To better understand how to decrease clogs in pumps, first consider where clogs start. Rags and other stringy materials tend to get caught in three main locations within the pump. When one rag gets caught, it tends to collect other rags and stringy materials, which then leads to a partial or complete clog.
The first location where rags get caught is the tip of the impeller vane. This is the first moving component within the pump that the water touches. If this tip protrudes into the fluid path, it will catch rags on it, and a clog is born. Typical solutions include:
- Enclosed impellers, which essentially have no tip; the tip instead blends directly into the impeller shroud.
- Serrated wear plates, which are designed to push materials off the impeller tip and back into the flow stream.
- Shoulders at the suction of the pump, which shield the impeller tip so that it does not protrude into the flow stream and has no chance for clogging.
The second potential clogging location is on the leading edge of the impeller vane. In wastewater, all pump designers must deal with a tradeoff: the more vanes in the pump, the higher the efficiency that can be achieved. However, more vanes also means more chances of clogging because rags are squeezed through smaller passages and more impeller vanes pass through the eye of the impeller and into the path of oncoming potential clogs. While decreasing the amount of vanes in the impeller helps increase clog resistance, the inclusion of two or more vanes in an impeller will create multiple flow paths through the pump. Multiple flow paths within the pump mean that a rag may still get caught on the leading edge of the vane as the splitting flow pulls the rag down both sides of that impeller vane. Ideally, the best option would be to have zero vanes so that rags cannot get caught on them, but without vanes, a pump will not move any water and it becomes just a bulge in the pipeline. Single-vane pumps have only one passage through the pump, and rags that get caught on the leading edge of the vane will get pulled off the vane and back into the flow stream as the water flows through this single passage.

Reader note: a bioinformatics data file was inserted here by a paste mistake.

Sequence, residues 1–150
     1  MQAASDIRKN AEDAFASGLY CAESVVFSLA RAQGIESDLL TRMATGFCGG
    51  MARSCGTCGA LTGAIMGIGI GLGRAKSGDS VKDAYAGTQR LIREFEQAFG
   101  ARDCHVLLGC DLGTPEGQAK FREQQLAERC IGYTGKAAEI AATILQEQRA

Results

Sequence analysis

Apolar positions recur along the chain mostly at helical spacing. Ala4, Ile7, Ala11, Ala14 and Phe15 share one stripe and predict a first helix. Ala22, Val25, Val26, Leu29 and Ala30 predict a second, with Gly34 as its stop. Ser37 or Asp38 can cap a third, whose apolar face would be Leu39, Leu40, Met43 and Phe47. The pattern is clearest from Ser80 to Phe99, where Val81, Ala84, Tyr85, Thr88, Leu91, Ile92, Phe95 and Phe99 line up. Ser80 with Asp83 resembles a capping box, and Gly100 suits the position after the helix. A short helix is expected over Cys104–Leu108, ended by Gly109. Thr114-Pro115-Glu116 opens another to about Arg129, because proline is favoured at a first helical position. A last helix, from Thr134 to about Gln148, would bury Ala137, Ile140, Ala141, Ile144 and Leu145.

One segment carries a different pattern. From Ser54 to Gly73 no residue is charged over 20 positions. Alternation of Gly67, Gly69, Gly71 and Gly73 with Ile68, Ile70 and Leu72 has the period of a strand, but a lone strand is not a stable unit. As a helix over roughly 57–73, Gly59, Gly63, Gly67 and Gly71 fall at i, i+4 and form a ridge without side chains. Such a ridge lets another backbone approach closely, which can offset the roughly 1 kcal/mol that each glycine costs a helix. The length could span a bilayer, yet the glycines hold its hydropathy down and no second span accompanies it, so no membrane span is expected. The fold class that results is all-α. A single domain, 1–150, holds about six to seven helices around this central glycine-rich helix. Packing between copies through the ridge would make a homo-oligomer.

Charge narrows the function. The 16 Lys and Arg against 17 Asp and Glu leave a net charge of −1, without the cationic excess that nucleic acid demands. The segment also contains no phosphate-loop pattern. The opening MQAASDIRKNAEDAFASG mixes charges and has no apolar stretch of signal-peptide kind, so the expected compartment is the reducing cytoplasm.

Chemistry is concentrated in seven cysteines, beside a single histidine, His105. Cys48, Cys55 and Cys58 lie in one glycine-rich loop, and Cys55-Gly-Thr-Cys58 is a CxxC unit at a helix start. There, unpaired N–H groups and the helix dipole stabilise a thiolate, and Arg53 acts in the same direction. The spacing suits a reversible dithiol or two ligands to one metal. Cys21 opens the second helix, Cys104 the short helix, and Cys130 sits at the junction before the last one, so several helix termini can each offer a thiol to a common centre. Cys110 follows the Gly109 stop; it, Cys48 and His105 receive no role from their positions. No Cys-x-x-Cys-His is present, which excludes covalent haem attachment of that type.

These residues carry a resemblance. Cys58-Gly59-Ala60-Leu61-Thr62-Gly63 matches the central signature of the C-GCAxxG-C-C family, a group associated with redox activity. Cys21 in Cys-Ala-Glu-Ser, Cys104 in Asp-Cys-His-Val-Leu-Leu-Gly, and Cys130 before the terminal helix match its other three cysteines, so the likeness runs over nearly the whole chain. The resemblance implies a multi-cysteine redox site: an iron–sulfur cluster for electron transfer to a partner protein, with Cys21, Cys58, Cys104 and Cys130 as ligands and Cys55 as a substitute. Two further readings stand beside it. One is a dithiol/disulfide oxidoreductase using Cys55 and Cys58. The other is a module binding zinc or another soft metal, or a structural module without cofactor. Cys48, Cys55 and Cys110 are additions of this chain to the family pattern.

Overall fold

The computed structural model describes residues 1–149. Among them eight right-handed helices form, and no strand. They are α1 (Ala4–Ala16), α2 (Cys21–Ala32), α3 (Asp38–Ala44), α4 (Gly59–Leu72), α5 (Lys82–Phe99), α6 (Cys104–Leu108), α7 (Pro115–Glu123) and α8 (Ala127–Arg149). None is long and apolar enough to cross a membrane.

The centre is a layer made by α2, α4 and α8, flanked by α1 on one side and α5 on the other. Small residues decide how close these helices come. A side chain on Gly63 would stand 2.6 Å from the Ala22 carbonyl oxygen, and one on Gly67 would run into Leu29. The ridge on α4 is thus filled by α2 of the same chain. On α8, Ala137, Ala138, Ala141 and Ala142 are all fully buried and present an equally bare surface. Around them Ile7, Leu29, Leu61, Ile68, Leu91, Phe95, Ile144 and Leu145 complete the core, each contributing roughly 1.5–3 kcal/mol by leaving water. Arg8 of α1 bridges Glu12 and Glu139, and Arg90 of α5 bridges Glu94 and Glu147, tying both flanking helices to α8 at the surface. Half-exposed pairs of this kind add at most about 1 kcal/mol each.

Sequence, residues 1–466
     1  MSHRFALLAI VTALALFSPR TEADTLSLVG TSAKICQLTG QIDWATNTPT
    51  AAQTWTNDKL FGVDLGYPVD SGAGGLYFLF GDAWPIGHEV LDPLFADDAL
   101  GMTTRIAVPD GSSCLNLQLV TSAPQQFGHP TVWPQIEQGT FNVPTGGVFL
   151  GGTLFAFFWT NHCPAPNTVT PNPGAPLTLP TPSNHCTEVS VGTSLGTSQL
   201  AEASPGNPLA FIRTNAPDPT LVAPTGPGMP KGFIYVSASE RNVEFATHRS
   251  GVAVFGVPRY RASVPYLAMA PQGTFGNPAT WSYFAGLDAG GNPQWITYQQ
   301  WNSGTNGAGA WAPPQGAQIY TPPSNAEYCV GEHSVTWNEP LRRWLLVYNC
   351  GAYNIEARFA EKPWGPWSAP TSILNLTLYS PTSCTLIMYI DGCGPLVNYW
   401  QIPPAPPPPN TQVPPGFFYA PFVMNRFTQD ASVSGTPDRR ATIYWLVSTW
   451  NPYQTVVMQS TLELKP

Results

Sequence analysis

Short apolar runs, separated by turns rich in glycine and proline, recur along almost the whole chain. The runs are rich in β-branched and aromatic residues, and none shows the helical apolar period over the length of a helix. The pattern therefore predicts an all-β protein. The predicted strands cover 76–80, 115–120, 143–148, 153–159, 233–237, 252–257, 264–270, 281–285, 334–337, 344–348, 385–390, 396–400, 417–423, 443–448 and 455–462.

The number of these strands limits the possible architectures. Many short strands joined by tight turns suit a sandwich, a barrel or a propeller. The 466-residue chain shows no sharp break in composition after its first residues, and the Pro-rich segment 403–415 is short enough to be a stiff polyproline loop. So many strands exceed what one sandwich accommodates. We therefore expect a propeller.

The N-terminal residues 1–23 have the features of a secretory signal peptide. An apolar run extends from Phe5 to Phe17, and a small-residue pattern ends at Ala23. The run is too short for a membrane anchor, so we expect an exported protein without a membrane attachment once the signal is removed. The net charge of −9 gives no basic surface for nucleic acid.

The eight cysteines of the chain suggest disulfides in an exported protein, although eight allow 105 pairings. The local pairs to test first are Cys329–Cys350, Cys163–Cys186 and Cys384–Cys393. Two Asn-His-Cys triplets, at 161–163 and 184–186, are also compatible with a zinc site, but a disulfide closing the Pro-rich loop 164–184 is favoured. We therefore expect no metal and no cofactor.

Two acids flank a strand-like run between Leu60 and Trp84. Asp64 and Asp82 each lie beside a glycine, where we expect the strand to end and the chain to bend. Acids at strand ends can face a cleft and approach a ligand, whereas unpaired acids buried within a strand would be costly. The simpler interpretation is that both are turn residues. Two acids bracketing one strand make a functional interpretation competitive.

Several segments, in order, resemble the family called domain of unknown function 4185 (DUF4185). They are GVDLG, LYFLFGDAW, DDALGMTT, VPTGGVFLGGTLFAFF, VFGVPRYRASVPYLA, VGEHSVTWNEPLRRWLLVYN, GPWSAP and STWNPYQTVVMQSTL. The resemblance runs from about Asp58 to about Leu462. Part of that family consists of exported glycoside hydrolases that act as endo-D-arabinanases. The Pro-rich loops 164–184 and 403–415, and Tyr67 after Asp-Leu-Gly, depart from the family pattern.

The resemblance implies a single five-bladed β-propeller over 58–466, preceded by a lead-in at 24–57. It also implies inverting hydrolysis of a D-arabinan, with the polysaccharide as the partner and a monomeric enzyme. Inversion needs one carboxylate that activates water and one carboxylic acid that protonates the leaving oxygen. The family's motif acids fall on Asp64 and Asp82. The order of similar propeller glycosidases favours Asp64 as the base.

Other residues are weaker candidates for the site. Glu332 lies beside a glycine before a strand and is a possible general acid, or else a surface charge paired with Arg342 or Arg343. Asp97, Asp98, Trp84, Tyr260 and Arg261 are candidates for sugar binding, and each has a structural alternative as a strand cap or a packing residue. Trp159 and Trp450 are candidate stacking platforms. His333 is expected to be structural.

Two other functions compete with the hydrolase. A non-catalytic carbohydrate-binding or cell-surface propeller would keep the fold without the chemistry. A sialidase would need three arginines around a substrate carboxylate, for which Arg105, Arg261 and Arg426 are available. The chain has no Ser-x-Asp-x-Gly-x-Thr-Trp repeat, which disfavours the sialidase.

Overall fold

The third potential clogging location is in the small gap between the rotating impeller and stationary volute of the pump. All high-efficiency pumps must maintain a tight gap between the impeller and volute, which decreases recirculation within the pump and in turn, increases efficiency. This gap must be able to be maintained either through replacing wear rings or by adjusting the impeller-to-liner clearance so that efficiency can be revived as the pump wears.